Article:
Well, that was my first time taking partial health history so I was kind of nervous and overwhelmed. I was trying to remember that what should I asked him before I started but as I go through the present, past and family health data, I kind of know all the important information I need to know.
4. What interviewing techniques did you use? Were there any that were difficult and if so, how did you overcome the difficulty?
I chose to use open-ended questions to be able to get more information to work with instead of just using questions with just a yes or a no answer. A yes or no question I didn’t think would be able to provide enough information. I also use an active listening technique to carefully listen to what he wanted to tell me. I clarified a couple of data to make sure that I got the correct information. I did not judge his thoughts and respected all the information that he shared with me. I rotated between the questions types depending on what I thought would get the best result for an answer.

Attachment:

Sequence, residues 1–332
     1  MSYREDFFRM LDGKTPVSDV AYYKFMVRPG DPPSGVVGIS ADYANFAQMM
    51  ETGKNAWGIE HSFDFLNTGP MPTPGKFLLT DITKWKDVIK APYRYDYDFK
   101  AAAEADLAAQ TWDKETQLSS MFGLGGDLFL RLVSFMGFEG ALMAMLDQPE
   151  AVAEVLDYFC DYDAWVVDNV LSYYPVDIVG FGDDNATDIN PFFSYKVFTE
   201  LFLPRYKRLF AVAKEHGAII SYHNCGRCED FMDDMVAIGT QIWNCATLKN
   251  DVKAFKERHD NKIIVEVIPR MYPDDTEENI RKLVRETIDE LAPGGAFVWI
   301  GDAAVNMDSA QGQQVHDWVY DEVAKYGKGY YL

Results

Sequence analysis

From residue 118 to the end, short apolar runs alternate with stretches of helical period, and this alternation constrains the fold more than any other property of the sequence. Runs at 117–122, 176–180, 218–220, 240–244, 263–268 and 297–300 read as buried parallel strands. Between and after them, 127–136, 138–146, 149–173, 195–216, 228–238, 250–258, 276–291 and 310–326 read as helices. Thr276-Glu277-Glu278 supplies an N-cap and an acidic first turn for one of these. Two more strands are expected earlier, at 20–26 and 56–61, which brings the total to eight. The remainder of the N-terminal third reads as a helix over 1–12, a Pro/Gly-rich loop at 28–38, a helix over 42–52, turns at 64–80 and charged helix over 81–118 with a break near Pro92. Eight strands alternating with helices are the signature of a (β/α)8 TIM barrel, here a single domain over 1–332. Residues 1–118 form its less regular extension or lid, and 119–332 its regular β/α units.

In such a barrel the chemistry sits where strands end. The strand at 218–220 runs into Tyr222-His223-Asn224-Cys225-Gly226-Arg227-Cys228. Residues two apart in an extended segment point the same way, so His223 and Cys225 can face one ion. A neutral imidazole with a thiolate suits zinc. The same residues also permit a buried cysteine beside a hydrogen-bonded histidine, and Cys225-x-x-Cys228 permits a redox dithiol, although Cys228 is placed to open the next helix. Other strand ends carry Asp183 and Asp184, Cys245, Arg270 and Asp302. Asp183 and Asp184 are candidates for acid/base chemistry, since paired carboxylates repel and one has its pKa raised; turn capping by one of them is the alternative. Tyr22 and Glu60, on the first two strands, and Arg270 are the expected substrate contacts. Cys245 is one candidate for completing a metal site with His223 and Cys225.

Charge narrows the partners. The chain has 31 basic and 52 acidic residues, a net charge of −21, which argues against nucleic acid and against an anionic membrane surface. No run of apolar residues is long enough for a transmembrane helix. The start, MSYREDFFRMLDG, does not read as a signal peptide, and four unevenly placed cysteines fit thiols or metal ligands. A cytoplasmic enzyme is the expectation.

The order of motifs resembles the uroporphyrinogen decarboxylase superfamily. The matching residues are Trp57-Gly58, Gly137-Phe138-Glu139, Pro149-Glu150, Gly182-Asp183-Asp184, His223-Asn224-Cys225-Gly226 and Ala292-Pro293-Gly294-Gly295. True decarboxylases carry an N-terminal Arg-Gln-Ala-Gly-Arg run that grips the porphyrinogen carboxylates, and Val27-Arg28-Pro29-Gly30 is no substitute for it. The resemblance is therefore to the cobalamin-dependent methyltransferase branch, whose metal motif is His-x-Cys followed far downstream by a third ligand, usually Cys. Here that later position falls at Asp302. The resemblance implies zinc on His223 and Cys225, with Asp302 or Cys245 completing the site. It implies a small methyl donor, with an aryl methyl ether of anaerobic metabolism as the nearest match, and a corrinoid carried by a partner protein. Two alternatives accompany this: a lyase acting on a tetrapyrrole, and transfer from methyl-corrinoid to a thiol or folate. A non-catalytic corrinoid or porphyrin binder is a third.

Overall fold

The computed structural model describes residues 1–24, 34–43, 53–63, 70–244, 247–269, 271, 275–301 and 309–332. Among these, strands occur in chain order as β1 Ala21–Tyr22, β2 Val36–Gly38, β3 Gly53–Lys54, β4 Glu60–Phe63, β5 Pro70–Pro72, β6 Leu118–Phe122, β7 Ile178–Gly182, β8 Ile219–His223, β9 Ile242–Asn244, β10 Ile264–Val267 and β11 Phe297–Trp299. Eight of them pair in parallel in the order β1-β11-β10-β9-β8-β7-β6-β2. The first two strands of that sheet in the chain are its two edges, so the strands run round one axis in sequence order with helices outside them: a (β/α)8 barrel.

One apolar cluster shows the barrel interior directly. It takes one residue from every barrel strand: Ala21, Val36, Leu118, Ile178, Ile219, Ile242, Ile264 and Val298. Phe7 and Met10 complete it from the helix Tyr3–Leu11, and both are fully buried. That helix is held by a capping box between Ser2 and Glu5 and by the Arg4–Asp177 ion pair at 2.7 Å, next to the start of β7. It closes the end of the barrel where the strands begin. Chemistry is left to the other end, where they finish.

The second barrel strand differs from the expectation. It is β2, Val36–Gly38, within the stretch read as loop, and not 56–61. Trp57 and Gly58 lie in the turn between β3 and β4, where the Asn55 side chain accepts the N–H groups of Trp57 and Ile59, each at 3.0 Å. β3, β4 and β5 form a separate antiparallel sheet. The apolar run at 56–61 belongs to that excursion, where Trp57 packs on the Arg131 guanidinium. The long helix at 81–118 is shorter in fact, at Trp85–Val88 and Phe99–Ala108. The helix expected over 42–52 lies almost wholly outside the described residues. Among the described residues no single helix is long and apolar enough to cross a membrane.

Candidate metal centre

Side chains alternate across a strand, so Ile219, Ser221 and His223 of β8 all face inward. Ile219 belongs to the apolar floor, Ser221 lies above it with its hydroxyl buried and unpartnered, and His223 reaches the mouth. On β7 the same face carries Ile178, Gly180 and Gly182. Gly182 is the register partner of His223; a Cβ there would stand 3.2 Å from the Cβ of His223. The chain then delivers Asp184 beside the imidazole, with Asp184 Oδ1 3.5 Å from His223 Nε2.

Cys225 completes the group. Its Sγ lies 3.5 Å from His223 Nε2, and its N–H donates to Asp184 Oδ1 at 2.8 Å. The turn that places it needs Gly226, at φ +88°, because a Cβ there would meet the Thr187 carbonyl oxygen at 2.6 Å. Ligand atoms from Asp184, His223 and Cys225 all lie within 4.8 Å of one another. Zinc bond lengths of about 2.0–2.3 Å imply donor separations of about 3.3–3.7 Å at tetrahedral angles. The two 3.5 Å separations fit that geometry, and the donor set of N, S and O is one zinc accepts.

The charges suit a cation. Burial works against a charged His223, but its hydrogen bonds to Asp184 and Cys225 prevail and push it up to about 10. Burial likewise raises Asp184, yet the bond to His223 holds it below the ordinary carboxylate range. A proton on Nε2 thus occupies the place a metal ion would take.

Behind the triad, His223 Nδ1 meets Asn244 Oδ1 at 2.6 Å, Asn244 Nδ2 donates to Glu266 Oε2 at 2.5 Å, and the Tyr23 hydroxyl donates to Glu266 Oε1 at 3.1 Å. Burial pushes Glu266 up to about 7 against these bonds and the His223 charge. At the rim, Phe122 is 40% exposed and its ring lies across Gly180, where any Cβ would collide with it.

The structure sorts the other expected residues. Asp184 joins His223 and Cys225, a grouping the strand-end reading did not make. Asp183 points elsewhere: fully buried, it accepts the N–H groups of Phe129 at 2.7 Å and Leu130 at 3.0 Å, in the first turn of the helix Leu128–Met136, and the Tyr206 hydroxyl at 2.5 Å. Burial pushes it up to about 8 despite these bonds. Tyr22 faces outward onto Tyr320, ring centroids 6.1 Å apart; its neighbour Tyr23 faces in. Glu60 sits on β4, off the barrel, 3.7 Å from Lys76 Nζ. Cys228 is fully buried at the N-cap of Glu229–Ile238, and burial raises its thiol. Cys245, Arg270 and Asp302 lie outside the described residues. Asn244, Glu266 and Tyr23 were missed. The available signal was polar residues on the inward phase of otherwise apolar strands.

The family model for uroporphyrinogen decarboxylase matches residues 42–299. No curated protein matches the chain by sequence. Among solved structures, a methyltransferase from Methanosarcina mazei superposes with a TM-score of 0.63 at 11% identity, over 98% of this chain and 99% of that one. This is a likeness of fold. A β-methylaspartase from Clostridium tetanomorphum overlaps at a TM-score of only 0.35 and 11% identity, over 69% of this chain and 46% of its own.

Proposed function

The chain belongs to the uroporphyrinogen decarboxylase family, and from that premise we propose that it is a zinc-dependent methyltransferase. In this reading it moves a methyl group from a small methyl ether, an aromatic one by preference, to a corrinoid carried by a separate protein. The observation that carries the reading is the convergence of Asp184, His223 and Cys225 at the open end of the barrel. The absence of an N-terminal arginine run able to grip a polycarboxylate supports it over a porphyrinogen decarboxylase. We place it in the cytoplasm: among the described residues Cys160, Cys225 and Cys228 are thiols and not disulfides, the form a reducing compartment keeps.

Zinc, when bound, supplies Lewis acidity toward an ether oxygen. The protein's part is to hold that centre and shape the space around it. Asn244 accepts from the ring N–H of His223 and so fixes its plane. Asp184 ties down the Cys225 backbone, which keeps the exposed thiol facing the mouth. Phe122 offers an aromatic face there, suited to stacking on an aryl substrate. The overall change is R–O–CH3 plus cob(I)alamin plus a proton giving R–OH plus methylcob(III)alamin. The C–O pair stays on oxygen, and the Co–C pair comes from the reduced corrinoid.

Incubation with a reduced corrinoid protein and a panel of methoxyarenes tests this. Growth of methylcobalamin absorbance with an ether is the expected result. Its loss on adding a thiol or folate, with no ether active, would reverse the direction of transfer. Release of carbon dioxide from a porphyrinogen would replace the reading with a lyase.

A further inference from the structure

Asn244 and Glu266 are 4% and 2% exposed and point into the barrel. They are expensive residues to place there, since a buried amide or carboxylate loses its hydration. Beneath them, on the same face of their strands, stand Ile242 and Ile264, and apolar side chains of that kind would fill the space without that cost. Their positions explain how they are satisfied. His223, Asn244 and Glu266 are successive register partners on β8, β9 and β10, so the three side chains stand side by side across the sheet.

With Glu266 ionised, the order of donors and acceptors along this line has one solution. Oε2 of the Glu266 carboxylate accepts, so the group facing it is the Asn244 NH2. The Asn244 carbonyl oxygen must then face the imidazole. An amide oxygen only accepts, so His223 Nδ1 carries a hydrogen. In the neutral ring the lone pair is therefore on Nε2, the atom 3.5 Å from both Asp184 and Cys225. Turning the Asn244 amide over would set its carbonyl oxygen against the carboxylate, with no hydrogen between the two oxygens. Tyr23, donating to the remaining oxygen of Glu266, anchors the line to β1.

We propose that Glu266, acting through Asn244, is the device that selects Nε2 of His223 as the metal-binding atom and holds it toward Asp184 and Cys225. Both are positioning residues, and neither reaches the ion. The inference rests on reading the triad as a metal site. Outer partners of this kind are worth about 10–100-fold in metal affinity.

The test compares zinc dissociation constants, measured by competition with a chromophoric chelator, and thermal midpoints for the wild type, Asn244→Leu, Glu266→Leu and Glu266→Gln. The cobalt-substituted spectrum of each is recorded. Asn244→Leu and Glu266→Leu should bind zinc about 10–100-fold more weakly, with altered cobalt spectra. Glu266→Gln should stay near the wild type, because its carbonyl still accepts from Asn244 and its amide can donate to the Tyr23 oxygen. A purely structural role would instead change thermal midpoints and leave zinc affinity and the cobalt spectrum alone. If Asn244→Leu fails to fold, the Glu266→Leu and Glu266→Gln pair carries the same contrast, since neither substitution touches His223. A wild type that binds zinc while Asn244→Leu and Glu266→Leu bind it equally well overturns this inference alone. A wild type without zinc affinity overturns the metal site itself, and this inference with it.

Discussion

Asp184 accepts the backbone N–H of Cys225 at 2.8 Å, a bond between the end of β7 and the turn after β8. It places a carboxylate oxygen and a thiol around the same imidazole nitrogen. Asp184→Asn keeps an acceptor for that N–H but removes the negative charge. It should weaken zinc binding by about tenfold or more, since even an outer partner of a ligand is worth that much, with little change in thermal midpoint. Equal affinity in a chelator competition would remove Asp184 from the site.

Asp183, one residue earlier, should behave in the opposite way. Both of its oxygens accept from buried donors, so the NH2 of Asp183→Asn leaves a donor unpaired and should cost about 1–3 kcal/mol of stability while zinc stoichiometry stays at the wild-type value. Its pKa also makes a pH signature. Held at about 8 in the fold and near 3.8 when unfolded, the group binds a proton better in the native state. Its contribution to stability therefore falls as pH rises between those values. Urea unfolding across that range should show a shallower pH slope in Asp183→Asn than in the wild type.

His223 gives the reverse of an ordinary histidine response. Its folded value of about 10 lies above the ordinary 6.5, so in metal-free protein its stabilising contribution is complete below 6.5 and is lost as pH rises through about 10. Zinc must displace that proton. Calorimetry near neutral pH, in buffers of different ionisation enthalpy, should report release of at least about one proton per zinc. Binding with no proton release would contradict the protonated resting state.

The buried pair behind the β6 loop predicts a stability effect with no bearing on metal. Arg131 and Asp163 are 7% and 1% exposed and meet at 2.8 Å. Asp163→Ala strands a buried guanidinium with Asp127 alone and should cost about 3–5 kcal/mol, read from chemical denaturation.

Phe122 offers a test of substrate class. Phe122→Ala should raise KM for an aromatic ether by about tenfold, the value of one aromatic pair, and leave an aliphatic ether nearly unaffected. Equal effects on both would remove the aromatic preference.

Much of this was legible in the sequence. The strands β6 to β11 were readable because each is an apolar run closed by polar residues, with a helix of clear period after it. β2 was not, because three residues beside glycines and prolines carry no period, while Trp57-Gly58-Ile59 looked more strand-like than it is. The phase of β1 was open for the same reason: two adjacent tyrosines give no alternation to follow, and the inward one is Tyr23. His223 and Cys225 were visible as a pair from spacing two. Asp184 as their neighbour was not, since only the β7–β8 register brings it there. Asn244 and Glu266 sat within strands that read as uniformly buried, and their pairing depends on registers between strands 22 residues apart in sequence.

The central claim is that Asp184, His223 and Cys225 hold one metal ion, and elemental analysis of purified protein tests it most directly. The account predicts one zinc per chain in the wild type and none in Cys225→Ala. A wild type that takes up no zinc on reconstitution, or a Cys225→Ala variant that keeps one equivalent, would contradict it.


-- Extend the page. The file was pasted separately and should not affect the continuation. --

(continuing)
5. Now that you have taken a health history to discuss how this information can assist the nurse in determining the health status of a client.